Monday, June 4, 2012
The Better Angels of Our Nature
Pinker's thesis in a nutshell is that violence has declined over time. We aren't talking man-on-man-stabbing-people-and-stealing-their-cars violence; we are talking large-scale violence (wars and government takeover) that then trickles down into the man-on-man violence. Using an insane amount of research, graphs, and sources, Pinker lays out his argument that we are actually in a fairly peaceful time at present regardless of the amount of wars that we have seen in the 20th and 21st centuries.
I will not lie to you folks--I had to check this book out of the library three times to get through the whole thing on my Kindle. It is incredibly dense and a super big time (and emotional) commitment because it is written in a scholarly-like fashion. I appreciate this type of writing and loved sinking my teeth into it, but I feel it is only fair to warn you so you won't get mad at me later.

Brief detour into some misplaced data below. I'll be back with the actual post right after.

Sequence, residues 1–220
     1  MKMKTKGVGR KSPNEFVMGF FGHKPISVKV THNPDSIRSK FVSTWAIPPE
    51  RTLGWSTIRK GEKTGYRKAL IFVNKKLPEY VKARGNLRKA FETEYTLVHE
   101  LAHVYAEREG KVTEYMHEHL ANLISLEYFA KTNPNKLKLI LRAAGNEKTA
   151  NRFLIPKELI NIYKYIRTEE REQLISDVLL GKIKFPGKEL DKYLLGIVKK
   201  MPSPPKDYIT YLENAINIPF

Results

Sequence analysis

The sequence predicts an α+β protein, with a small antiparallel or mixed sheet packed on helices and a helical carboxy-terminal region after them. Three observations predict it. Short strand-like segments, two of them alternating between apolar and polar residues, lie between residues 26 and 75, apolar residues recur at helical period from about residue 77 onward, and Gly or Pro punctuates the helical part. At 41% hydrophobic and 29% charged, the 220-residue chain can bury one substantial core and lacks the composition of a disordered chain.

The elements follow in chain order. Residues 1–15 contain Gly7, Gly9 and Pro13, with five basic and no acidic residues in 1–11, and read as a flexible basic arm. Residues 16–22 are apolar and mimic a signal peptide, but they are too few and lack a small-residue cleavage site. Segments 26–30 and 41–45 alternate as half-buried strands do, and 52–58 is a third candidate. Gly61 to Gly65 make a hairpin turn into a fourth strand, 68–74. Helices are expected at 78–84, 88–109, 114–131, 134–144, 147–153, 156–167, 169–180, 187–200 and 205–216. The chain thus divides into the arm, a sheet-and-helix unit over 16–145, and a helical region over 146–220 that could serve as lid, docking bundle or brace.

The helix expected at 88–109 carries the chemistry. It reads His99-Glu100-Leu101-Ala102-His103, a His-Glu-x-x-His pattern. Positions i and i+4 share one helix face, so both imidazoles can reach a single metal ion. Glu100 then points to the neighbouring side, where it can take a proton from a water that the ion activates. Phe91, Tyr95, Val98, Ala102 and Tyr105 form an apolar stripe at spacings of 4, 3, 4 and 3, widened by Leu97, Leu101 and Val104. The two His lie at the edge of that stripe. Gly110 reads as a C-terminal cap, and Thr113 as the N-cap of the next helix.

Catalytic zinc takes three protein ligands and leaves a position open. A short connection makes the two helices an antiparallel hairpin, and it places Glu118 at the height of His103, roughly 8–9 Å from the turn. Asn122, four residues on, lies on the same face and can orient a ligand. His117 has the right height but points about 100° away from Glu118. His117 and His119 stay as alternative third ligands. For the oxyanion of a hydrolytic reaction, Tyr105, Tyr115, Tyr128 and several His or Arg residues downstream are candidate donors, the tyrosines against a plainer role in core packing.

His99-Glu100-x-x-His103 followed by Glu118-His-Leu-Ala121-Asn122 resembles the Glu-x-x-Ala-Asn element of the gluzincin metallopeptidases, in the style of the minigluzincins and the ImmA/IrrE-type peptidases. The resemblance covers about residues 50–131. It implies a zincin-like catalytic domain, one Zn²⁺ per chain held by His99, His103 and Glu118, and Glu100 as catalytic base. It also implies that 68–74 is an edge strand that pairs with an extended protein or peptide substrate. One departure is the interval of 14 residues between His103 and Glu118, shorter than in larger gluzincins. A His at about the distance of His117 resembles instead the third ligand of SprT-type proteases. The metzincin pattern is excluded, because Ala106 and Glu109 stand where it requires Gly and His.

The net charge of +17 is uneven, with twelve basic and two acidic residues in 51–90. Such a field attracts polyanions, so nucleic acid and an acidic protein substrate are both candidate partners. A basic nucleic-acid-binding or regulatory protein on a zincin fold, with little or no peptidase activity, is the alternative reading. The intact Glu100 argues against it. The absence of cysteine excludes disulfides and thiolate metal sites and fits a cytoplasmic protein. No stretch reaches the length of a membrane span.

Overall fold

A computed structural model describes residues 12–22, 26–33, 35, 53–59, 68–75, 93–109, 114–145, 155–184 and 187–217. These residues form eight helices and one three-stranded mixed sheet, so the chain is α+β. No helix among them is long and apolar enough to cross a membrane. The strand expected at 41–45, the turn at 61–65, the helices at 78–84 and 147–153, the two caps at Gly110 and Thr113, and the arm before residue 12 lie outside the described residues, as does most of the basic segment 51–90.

There were of course some points of contention that I took with Pinker's arguments about why empathy doesn't really matter in the long-term; I am a social science researcher, after all. I did, though, enjoy Pinker's intricately laid-out argument for his ideas and his research. I am also not entirely sure that I agree with all of his arguments about why we are in a time a peace, but overall I think he did an excellent job of laying out his data to provide his readers with a thoroughly convincing argument. I would highly recommend this book if you are interested in exploring the idea that we are currently in an era in which we enjoy decent government (as compared to the past) and much lesser fear of being killed by our neighbors.